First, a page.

The country is well established in high value added sectors (electronics, ITCs). It remains however extremely dependent on external demand, notably from Europe. In 2012 Estonia was the second most open country of the 28 EU Member States (92% of the GDP) after Slovakia (93%).

The 2015 budget was approved on 10th December last. The deficit totals 101 million € (73 million last year). This should make it possible to increase defence spending and to reduce income tax slightly before the elections on 1st March.

The Reform Party wants to build "a Nordic, liberal Estonia." "We want Estonia to be acknowledged as a Nordic country. A country with Nordic living standards and security, guiding the world, a leading country in terms of individual freedom and economic security," declared Prime Minister Taavi Roivas on 17th January. This new national project comes after that of E-stonia involving the country's digital revolution (Estonia is the most digitalised country in the world1) and the project led by the previous Prime Minister Andrus Ansip, who promised to make Estonia one of the wealthiest nations in the world within the next fifteen years.

The Reform Party, which is liberal, now has a wider electoral base. Amongst its main proposals are a suggested 2% reduction on social charges, a 300€ increase in tax exempted revenue and the allocation of a 300€ bonus for the third child. The allocation paid for the first and second child was increased by 45€ on January 1st. The sum for the third child totals 100€. The Reform Party maintains that this measure will cost 70 million € and will benefit 17,000 families.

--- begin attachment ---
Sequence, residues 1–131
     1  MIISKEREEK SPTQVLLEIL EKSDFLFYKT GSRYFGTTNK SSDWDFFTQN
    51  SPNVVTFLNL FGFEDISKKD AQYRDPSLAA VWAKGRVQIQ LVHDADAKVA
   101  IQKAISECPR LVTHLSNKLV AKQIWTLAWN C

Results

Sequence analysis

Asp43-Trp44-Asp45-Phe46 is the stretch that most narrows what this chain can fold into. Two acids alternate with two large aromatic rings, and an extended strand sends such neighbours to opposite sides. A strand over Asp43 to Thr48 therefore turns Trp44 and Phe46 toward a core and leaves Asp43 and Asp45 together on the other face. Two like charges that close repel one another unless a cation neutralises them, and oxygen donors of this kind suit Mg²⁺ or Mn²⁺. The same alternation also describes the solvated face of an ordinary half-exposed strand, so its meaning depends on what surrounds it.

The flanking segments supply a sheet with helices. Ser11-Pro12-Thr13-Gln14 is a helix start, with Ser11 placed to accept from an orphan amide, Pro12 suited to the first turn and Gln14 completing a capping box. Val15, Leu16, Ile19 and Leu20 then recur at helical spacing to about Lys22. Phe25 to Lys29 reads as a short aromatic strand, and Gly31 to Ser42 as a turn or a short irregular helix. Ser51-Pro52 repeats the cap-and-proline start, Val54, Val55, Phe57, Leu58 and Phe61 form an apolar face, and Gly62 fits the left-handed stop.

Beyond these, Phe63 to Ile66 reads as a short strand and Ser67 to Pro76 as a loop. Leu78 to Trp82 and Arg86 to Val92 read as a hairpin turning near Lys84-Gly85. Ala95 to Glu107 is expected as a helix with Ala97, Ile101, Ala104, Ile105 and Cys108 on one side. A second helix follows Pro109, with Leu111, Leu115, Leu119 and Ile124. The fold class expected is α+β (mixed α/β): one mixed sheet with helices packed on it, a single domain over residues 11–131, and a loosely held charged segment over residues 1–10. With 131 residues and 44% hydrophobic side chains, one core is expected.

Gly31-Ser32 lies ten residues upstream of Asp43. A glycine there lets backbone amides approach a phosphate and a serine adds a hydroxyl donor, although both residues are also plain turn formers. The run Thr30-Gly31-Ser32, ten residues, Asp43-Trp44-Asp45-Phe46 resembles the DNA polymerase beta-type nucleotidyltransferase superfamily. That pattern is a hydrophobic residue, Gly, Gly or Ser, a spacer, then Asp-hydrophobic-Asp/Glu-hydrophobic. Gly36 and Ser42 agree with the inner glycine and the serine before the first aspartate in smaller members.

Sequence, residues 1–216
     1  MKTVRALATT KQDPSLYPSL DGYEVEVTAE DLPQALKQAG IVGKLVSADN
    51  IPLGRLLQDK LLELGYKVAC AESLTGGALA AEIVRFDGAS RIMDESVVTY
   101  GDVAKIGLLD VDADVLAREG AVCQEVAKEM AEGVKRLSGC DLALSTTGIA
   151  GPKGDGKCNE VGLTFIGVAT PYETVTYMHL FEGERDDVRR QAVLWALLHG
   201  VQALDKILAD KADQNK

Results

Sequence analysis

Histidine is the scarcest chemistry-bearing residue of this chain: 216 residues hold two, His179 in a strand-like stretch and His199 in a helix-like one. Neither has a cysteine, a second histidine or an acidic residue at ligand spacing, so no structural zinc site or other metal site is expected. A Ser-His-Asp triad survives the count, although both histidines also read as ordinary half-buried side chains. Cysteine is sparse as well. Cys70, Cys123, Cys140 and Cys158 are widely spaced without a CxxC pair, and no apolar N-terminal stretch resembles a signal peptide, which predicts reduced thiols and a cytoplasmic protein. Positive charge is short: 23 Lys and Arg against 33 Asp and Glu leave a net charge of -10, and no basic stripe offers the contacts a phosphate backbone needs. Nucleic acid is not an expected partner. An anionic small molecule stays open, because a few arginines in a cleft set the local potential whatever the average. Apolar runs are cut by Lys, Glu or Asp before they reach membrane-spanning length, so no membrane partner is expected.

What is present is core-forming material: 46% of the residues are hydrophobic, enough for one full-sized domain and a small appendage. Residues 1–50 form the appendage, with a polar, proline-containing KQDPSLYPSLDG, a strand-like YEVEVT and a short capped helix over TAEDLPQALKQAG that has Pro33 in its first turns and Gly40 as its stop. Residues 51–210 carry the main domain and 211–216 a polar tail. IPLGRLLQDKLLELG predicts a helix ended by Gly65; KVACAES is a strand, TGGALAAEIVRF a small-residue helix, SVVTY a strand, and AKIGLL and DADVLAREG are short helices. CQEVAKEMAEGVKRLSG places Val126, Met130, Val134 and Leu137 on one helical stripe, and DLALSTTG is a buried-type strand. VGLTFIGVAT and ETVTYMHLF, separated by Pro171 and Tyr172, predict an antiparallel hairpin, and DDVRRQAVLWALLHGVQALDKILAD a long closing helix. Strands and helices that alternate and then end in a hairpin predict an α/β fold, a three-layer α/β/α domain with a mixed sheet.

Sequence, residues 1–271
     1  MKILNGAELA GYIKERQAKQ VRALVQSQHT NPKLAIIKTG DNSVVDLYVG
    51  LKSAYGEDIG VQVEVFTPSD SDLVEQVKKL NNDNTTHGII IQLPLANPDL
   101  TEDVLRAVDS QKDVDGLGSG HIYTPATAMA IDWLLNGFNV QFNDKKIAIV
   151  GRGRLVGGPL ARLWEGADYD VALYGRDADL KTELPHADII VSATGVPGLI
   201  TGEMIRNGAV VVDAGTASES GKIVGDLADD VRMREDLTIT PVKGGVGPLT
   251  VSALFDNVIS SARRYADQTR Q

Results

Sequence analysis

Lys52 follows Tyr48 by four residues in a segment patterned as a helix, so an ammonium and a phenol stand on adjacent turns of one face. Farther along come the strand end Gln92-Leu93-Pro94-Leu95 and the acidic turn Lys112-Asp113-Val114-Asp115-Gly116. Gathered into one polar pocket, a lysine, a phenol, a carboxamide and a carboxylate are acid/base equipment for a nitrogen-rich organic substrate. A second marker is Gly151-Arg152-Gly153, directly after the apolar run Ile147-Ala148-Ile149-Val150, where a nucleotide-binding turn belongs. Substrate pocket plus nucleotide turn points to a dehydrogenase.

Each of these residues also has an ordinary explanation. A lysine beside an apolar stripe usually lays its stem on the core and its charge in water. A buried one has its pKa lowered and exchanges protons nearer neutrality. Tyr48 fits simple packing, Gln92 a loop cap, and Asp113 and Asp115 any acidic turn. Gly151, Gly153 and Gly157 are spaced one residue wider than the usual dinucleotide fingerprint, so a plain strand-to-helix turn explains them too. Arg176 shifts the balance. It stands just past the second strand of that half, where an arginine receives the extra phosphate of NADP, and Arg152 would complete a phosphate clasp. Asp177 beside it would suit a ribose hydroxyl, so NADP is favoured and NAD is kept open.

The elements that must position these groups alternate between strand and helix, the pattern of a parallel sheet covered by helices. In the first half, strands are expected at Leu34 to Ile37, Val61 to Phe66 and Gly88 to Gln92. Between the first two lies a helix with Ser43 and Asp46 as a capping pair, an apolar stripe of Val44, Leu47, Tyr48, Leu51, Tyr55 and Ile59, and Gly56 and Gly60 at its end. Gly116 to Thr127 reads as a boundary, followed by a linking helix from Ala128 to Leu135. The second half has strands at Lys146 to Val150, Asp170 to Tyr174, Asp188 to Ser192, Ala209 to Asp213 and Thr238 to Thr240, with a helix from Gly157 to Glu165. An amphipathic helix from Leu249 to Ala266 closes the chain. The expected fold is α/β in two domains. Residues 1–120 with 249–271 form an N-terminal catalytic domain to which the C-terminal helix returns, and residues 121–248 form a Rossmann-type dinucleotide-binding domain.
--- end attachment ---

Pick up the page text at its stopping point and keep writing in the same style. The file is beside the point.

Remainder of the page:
The project does raise a few questions however. For example, a family with three children will receive 390€ monthly (not subject to taxation), i.e more than the minimum monthly salary of 355€).

The Reform Party, which previously governed with the Pro-Patria-Res Publica Union and presently leads the country with the Social Democratic Party refuses any type of alliance with the Centre Party, which it deems supports the Kremlin. "The party's ideology in terms of security will never change as long as Edgar Savisaar chairs the Centre Party. It will not become a pro-Estonian movement and will never share our values," indicates Prime Minister Taavi Roivas.

Has the Centre Party missed its opportunity?

The Centre Party has chosen to rally behind its leader Edgar Savisaar (he has led the party since 1991), a choice that undoubtedly means four more years on the opposition benches since all of the other parties have ruled out any alliance with the centrist leader. The centrists preferred Edgar Savisaar to Kadri Simson, the group's leader in the Riigikogu, to lead their electoral campaign when they voted on 13th October.

Given this the party can make all the promises it likes knowing that it will not have to honour them. It is demanding an increase in the minimum wage for it to total 1000€ this year. It believes that this measure, the financing of which remains obscure - would help to counter emigration (rising continually since the end of the 2000's). It has made this measure along with employment and living standards its three main themes in the elections.